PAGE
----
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Dexter Fowler trade: Years of control once again prove key to big trades

Most every team worries about years of control, turning a few into a lot.

Kim Klement-USA TODAY Sports

There's a common theme to almost every trade that's happened since at least last summer.

It doesn't have to do with teams valuing prospects more than they have in the past. (They do, but that's not the point.)

It has everything to do with free agency and years of control. That was key in the David Price deal. It was a key component for the big returns for a player like Matt Kemp and Jeff Samarzidja and the reason why the A's traded Josh Donaldson and Yoenis Cespedes.

Team control matters.

The Astros had a growing situation in the outfield, but it's one they saw coming since last winter. As soon as Dexter Fowler was traded to Houston for Jordan Lyles and Brandon Barnes, the inevitable move this winter (or last summer) could have been predicted.

Fowler came to Houston with an injury-prone reputation. Despite Brooks debunking that theory last winter, Fowler proved to have plenty of bumps and bruises which knocked him down for significant time. He only played 116 games, marking the second straight year Fowler failed to appear in 120 games.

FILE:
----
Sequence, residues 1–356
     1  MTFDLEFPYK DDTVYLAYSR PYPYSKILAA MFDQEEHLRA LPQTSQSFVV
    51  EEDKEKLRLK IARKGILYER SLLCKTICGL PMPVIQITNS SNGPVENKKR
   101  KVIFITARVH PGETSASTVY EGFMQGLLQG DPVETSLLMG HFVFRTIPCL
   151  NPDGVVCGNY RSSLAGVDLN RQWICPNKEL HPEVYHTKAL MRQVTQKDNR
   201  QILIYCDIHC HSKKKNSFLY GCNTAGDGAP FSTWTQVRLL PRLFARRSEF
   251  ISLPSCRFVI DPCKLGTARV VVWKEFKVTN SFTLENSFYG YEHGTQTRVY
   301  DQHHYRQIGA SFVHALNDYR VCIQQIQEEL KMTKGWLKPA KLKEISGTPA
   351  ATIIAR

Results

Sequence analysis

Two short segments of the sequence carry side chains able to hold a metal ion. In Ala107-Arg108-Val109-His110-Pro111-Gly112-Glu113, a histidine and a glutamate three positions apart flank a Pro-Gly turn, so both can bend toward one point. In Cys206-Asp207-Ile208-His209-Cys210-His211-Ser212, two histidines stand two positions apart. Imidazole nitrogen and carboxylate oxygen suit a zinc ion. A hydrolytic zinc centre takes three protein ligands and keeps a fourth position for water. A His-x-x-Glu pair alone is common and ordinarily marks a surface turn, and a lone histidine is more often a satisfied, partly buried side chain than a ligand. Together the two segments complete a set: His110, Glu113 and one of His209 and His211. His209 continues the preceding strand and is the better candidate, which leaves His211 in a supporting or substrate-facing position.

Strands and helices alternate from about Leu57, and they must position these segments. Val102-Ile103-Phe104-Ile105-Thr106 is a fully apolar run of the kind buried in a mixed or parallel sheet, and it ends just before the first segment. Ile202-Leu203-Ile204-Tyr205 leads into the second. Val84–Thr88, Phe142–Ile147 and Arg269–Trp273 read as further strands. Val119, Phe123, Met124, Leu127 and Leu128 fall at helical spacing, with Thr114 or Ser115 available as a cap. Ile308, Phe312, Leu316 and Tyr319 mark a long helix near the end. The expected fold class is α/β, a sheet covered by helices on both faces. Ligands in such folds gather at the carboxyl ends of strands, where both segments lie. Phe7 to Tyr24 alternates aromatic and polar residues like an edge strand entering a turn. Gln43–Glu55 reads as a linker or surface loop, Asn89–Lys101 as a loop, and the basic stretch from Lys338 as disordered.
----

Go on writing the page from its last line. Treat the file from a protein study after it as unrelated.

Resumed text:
Maybe that changes next season and he plays 143 like he did for the Rockies in 2012. He's only topped that mark once since 2006, though. Odds are against him suddenly becoming a lineup fixture at 28.

Then, there's the matter of Fowler's agent, one Casey Close. That's the same Casey Close who had some strong words for this Astros front office after they backed out of a deal with his "advisee" Brady Aiken over a medical issue.

Fowler said Monday that the Astros never approached him about a long-term contract. That could be an issue with his agent, but it also could be the Astros recognizing the issue with his pending free agent status.

They knew when they acquired him, Fowler was a short-term solution.

For that matter, Luis Valbuena is, too. If he was the only return for Fowler, it'd be an alright one for Houston. They turned one year of a good offensive player for two years of a decent overall ball player. Maybe next winter, they turn around and trade Valbuena for more value if/when Colin Moran is ready to contribute.

But, they also got a young, controllable pitcher who may be able to do some special things in Brent Strom's Effective Velocity system.

What if Straily becomes 2015's Colin McHugh?

Even if he's not, the Astros have five years of control to kick around and make him reach some of those flattering SIERA numbers Straily posted in the minors.

You know who did something very similar this winter? Straily's former former team, the Oakland A's. They turned a trunkload of assets into something more, stacking up controllable seasons while not really losing much on offense.

Dexter Fowler was projected for 1.7 fWAR in 2015. Luis Valbuena is projected by Steamer for 1.7 fWAR in 2015.

He also plays a position of need for the Astros, pushing Matt Dominguez and bringing competition to Houston's biggest weakness on the infield last year.

In other words, they didn't get worse at the major league level, fixed an area of need and gained a year of player control, while also adding an interesting arm.

All in all, that's a nice trade, and shows more about the current state of team-building than it reflects on the relative talents of any of the three players involved.